Barone's entire piece goes back to the Republican bugaboo of the infamous tarmac meeting between Bill Clinton and former Attorney General Loretta Lynch last year. In this conservative world, Bill Clinton told Lynch to refuse to prosecute Hillary Clinton, who is obviously a traitor to America because of her "illegal . . . e-mail setup, with which she sent easily hackable classified information," Barone wrote. Under this scenario, Comey's hand was forced; he couldn't recommend charges because Lynch wouldn't prosecute because Bill whispered sweet nothings in her ear and/or threatened her with a Vince Foster-like death. But the Department of Justice acts independently of the FBI, and Jeff Sessions suggested way in March that he might examine the operations of the Justice Department under President Obama. And Sessions can still charge Hilary Clinton, even though Lynch didn't do so. Let's go back to Barone's speculation:
One can understand why Comey could have felt miffed when Lynch left him publicly exposed as the one who would decide whether the putative Democratic presidential nominee would be criminally prosecuted. If an FBI director shouldn’t decide who gets prosecuted, as Rosenstein correctly argued, he certainly shouldn’t have to make that call when the decision could determine who will be elected president of the United States.
That didn't stop Comey from telling Congress in October about the "Hillary Clinton emails" in an infamous letter that likely influenced the outcome of the presidential election. Even in his more recent testimony before Congress, Comey made out those emails to be more than they actually were.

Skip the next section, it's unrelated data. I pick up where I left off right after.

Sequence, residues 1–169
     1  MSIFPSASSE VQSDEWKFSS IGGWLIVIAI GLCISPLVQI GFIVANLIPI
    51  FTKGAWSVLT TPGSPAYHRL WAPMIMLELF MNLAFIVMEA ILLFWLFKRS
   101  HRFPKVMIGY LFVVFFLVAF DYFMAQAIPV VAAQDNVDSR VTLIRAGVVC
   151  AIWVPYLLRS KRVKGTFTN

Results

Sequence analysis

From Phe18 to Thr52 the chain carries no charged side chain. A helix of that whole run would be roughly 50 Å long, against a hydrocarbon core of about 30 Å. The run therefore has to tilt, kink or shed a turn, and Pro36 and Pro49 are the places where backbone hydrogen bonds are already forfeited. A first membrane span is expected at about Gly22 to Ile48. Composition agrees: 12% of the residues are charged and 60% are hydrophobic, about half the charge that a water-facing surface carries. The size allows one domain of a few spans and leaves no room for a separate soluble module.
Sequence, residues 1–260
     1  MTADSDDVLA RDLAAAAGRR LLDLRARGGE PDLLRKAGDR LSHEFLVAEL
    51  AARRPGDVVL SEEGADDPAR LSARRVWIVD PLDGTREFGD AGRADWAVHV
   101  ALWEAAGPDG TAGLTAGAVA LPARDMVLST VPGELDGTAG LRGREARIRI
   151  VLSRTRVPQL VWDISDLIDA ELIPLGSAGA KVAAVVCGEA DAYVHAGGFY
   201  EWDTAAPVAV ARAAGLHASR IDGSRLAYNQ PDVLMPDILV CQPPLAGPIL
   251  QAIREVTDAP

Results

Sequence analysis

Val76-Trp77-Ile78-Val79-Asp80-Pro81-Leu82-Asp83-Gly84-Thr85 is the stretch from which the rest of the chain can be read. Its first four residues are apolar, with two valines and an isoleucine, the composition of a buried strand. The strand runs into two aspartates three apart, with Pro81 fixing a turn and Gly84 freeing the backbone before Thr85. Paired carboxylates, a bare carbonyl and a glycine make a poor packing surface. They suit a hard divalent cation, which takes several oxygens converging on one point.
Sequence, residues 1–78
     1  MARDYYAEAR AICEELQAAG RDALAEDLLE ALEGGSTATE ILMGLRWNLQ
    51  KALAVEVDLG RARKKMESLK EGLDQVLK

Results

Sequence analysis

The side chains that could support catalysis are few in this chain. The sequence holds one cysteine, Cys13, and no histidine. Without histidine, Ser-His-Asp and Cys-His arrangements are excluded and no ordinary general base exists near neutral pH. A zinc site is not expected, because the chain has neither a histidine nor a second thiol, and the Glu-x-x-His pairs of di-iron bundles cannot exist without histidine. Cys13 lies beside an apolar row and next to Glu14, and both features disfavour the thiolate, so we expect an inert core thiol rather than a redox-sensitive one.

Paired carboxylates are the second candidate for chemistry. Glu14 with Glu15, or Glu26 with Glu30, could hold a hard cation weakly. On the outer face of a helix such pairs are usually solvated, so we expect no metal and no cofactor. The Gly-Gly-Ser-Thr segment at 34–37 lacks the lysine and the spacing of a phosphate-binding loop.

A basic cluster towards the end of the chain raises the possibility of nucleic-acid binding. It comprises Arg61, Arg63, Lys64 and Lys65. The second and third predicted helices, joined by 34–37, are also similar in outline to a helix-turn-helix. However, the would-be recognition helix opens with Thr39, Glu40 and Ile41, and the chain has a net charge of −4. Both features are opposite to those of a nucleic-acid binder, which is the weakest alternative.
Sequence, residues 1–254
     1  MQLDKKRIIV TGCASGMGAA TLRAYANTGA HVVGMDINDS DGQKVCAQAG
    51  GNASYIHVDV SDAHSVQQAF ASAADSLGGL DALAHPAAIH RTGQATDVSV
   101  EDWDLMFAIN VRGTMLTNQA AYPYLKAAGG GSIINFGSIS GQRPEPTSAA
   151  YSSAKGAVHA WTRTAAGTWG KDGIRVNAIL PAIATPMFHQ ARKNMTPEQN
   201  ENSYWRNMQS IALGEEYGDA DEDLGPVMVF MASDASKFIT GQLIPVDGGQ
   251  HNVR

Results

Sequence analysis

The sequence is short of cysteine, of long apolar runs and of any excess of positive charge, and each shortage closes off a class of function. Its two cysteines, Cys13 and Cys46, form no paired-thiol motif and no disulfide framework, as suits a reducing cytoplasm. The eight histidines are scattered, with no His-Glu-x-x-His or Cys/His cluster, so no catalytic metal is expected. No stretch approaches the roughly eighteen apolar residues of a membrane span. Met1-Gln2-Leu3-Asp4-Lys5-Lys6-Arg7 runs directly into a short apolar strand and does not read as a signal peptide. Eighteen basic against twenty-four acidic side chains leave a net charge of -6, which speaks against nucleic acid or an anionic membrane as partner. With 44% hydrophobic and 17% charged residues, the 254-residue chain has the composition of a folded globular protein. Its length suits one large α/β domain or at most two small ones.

Trump has said that he doesn't care about "locking her up" anymore — treason or no treason. And that raises the big million-dollar question for conservatives: If Sessions doesn't bring charges against Hillary Clinton, does that mean that Bill Clinton's meta-arm is reaching through time and space to warmly hold Session's forearm, telling him — in shared Southern drawls whispered through a warm Phoenix International Airport breeze — that Hillary shouldn't be arrested? And how disappointed will Barone and every other veteran Clinton basher be when that happens?
Unfortunately Barone made a fatal flaw in his argument: He filed the story way too early because his claim that this "makes mincemeat of Democrats’ cries that Trump fired Comey to kill any investigation of Russian collusion in the presidential election" is completely blown out of the water when you actually look at the things that Donald Trump and the White House have actually said about why Comey was fired.
But let's once, for old time's sake, just down one more shot of anti-Clinton juice. After all, itt fits in perfectly with a president who, as of Thursday, won't stop talking about the presidential election. Here's Barone:
The mess continues, as Democrats howl against the removal of an official whose removal they demanded up through lunchtime Tuesday and continue to search, Ahab-like, for evidence that Russia somehow stole the election.
That's the stuff.